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NYC says 1.1M students can skip school for climate strike protest

Posted by M. C. on September 17, 2019

I would rather they stay in school and figure out how to power a total electric car culture with solar panels, windmills and no conventional nor nuclear energy.

Independent thought…not a thing government encourages.

https://www.axios.com/climate-strikes-nyc-1m-students-can-skip-school-fdc414c6-1496-4107-85cb-ef6522e4d512.html

School districts are debating what position to take after New York City announced that 1.1 million public school students could skip classes without penalties to join the global youth climate strikes Friday, the New York Times reports.

Why it matters: Per the Times, this a test of the movement’s impact — by causing disruptions and getting noticed by political leaders who are in NYC for the United Nations Climate Action Summit 3 days later and the General Assembly meeting that follows it.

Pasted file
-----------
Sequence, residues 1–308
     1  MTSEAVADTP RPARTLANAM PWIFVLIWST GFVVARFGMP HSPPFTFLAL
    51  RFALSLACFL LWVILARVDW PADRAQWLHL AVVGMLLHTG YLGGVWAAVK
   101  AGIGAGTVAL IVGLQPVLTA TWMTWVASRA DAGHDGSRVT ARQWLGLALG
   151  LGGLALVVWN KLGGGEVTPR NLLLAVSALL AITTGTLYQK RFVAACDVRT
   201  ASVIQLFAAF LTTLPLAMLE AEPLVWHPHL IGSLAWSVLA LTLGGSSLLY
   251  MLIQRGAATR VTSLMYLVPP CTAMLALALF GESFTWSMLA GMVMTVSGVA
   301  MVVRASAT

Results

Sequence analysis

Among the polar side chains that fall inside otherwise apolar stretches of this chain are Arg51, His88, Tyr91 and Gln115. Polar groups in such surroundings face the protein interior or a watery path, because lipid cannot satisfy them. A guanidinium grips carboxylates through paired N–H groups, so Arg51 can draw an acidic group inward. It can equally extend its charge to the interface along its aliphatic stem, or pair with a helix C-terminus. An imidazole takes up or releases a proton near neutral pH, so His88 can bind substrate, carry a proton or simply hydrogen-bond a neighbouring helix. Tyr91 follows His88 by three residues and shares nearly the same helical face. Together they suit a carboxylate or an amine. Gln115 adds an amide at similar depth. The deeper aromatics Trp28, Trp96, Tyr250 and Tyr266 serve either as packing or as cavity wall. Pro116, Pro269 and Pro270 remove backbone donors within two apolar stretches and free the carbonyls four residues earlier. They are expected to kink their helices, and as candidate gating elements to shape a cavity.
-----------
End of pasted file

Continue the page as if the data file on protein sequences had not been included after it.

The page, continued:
• Organizers expect millions of people to leave work, home and school to take part in massive climate strike protests around the world.

The big picture: Youth strike advocates Fridays for Future said more than 2400 events were taking place from Sept. 20 through Sept. 27 to coincide with the UN climate summit on Sept. 23, where Swedish climate activist Greta Thunberg is due to make an address.

  • More than 115 countries and 1,000 cities have registered so far, the group said.

“All eyes are on the United States which already has 145 cities signed up, with participation that is expected to be tenfold when compared with  the first two global strikes in March and May of this year.”

What’s happening in the U.S.: The Times reports that large districts around the U.S. were discussing on Monday afternoon the issue of whether to allow students to miss school for the strikes…

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NYC Department of Education: ‘Individualism’ Is ‘White Supremacy Culture’

Posted by M. C. on May 22, 2019

He looks, as well as speaks, like Lenin.

Don’t stand out, don’t question, do what you are told.

The school yard likely reminds him of a collective farm.

What is it about this de Blasio/Occasional Cortex thinking that keeps New Yorkers voting these people into office? What is it about New Yorkers?

https://www.breitbart.com/author/tomciccotta/

by TOM CICCOTTA

The New York City Department of Education has instructed its teachers that “objectivity” and “individuals” are “white supremacist” concepts.

New York City Schools Chancellor Richard Carranza